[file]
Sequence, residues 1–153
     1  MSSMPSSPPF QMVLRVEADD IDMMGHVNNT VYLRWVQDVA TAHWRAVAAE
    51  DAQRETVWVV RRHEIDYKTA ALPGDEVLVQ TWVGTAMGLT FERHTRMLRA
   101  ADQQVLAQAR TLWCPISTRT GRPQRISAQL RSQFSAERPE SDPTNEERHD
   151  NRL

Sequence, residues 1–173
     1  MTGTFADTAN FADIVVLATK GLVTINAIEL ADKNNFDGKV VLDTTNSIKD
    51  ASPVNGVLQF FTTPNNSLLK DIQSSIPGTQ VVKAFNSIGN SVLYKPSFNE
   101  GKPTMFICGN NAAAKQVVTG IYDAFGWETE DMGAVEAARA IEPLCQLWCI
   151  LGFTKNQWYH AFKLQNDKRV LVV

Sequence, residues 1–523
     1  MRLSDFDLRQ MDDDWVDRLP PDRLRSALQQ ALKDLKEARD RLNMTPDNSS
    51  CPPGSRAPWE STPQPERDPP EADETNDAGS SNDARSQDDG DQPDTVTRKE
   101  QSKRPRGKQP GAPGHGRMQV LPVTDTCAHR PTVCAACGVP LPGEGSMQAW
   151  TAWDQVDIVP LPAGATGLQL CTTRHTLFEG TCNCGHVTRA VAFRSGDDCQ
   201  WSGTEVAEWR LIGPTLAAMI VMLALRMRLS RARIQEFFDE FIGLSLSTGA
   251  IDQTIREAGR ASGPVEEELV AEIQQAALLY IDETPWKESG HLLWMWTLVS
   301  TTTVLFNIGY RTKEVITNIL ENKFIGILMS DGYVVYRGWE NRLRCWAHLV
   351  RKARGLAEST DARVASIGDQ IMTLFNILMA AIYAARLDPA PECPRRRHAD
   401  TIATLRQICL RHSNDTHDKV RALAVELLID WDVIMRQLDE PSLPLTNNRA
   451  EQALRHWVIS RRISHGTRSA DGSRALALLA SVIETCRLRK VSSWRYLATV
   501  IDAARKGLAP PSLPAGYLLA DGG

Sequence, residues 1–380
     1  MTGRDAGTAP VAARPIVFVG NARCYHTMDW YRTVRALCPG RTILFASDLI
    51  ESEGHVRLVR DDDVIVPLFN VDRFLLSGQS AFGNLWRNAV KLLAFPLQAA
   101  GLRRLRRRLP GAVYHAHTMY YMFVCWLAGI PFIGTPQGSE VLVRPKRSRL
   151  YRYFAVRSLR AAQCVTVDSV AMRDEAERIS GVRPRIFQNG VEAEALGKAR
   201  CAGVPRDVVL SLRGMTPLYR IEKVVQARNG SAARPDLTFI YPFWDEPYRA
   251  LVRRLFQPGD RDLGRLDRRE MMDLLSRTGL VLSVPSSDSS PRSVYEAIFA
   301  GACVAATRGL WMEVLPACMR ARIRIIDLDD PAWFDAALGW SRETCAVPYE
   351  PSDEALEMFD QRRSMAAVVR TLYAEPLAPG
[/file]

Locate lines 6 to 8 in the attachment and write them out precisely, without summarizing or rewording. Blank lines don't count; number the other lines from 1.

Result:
Sequence, residues 1–173
     1  MTGTFADTAN FADIVVLATK GLVTINAIEL ADKNNFDGKV VLDTTNSIKD
    51  ASPVNGVLQF FTTPNNSLLK DIQSSIPGTQ VVKAFNSIGN SVLYKPSFNE